• Trash — Plastic was one of the most important inventions of the 20th Century. Today it provides extraordinary convenience our food and beverages. Unfortunately, by consuming what is easy and convenient, 40% of all plastic is now used only once and then discarded. Less than 10% is recycled. 18 billion pounds of plastic waste flow into the oceans every year.
  • Society’s response to homelessness has become a Tragedy of the Commons. It is in each community’s individual best interest to NOT try to solve homelessness, but in the process, homelessness overall continues to get worse and worse to the detriment of all communities.

The Solution

Fortunately, there are a variety of strategies for effectively addressing a Tragedy of the Commons:

1. Educate people about the damage that is being done.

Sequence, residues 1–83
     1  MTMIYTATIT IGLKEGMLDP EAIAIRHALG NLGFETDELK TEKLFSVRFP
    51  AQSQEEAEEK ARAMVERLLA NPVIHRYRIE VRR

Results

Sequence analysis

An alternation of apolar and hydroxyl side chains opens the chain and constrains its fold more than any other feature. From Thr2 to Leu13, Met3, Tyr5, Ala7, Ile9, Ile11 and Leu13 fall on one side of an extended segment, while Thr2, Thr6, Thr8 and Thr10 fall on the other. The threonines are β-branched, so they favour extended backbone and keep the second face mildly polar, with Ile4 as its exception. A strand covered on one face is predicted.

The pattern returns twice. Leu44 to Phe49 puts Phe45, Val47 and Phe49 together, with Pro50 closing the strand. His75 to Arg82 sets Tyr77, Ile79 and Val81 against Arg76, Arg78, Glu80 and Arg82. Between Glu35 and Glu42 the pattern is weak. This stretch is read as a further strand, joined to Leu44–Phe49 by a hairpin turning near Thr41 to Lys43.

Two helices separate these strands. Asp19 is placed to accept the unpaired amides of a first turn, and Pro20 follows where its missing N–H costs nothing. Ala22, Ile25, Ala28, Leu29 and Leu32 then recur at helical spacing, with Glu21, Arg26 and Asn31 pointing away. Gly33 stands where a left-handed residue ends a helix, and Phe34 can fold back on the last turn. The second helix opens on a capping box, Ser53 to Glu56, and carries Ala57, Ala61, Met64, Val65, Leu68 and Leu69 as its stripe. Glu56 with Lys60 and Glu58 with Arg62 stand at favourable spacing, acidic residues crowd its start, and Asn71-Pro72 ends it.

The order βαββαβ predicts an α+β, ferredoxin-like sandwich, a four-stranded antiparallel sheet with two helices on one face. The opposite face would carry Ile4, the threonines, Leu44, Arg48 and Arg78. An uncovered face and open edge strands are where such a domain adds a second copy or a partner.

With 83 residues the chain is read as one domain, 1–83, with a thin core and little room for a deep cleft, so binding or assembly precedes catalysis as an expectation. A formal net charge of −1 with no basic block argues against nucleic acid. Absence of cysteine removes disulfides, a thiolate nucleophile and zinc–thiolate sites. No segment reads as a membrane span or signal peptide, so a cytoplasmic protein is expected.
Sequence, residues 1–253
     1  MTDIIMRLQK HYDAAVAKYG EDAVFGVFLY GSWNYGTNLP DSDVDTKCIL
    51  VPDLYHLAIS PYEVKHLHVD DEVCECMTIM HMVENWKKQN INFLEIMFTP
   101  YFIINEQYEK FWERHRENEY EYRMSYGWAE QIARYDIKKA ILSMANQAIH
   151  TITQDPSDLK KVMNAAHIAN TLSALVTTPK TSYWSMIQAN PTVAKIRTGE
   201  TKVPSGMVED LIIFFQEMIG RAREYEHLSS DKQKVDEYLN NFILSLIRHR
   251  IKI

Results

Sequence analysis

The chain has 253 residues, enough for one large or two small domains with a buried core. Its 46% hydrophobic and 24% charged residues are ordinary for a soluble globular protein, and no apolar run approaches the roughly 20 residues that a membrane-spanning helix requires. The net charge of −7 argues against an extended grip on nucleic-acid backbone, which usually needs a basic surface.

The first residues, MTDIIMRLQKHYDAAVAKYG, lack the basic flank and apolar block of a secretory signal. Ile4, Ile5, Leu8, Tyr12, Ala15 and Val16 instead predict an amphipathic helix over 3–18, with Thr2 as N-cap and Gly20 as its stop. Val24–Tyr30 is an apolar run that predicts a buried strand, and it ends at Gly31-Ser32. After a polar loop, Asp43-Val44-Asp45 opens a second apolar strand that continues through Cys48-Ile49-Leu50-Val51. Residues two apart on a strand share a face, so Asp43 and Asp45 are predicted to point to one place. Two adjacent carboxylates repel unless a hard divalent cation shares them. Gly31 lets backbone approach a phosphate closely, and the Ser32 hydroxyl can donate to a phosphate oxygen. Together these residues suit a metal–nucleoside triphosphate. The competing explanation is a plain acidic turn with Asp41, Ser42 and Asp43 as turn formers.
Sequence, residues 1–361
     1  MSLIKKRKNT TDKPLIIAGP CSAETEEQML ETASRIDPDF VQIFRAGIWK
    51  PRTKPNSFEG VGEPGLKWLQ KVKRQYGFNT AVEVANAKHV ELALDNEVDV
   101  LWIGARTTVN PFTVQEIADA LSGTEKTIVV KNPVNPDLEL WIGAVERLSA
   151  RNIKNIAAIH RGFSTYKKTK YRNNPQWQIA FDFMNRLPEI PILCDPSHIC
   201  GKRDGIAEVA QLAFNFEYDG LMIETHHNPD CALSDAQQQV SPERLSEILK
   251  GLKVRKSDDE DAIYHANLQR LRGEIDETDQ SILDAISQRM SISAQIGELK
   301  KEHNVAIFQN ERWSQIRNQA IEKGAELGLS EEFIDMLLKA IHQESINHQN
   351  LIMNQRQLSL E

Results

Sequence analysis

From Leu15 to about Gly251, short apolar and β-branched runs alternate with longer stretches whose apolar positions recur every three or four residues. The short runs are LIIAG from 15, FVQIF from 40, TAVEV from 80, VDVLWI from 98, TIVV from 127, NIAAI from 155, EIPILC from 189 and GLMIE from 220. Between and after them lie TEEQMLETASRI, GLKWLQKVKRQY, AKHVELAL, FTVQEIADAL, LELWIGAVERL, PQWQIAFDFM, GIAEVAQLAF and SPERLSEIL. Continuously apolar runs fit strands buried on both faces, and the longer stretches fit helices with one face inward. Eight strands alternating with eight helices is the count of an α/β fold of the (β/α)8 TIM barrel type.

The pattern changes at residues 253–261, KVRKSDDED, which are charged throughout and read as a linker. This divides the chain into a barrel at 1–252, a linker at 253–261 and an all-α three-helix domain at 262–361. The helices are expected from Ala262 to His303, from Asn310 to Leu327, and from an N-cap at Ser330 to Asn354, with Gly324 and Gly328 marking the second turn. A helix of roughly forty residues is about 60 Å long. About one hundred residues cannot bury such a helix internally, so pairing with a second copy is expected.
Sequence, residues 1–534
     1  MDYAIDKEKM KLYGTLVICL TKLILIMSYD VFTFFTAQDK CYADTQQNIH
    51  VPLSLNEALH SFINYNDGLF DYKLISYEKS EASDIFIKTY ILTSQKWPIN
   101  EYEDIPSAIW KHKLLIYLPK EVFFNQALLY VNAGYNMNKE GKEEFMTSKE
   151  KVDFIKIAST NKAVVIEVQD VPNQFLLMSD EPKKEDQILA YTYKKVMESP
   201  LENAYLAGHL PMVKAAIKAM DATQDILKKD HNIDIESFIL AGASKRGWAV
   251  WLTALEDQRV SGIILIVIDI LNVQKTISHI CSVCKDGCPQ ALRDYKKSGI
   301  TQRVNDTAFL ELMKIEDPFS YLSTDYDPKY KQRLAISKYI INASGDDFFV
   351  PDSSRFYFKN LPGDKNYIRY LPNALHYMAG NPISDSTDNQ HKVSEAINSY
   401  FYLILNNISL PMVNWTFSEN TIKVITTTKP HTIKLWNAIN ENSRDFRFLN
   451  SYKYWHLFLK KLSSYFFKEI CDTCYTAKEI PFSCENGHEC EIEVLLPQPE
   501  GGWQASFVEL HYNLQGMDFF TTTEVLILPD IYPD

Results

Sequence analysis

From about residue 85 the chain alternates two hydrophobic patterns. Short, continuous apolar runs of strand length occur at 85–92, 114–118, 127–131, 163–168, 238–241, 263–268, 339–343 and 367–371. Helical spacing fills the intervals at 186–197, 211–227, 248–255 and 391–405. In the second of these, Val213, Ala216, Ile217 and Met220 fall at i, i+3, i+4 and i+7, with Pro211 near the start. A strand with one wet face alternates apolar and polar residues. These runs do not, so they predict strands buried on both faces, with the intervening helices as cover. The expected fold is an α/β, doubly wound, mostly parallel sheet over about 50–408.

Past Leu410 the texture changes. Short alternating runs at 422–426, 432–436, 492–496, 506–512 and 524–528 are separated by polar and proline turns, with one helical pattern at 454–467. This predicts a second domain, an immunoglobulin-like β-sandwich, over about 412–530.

2. Use moral pressure to encourage self-policing.

3. Internalize externalities by finding ways to make people feel or be responsible for the negative consequences. For example, a gas tax factors in the societal cost of building roads and addressing air pollution.

4. Privatize the common resource, so everyone becomes individually responsible for a smaller piece.

5. Create government regulation that stipulates how much of the resource can be used. For example, people and companies might have to compete for a limited number of permits, or there might be a quota system on a given resource.

6. Put a price on the common resource. Even in water-scarce areas like the American West, water is largely free for the end user. If there was a price on water after a certain guaranteed free amount, wasting water on big yards or other activities might not make economic sense and would thus lead towards better conservation.

Historically advocates have relied on education and moral pressure to compel action around housing and shelter. These strategies have clearly been insufficient.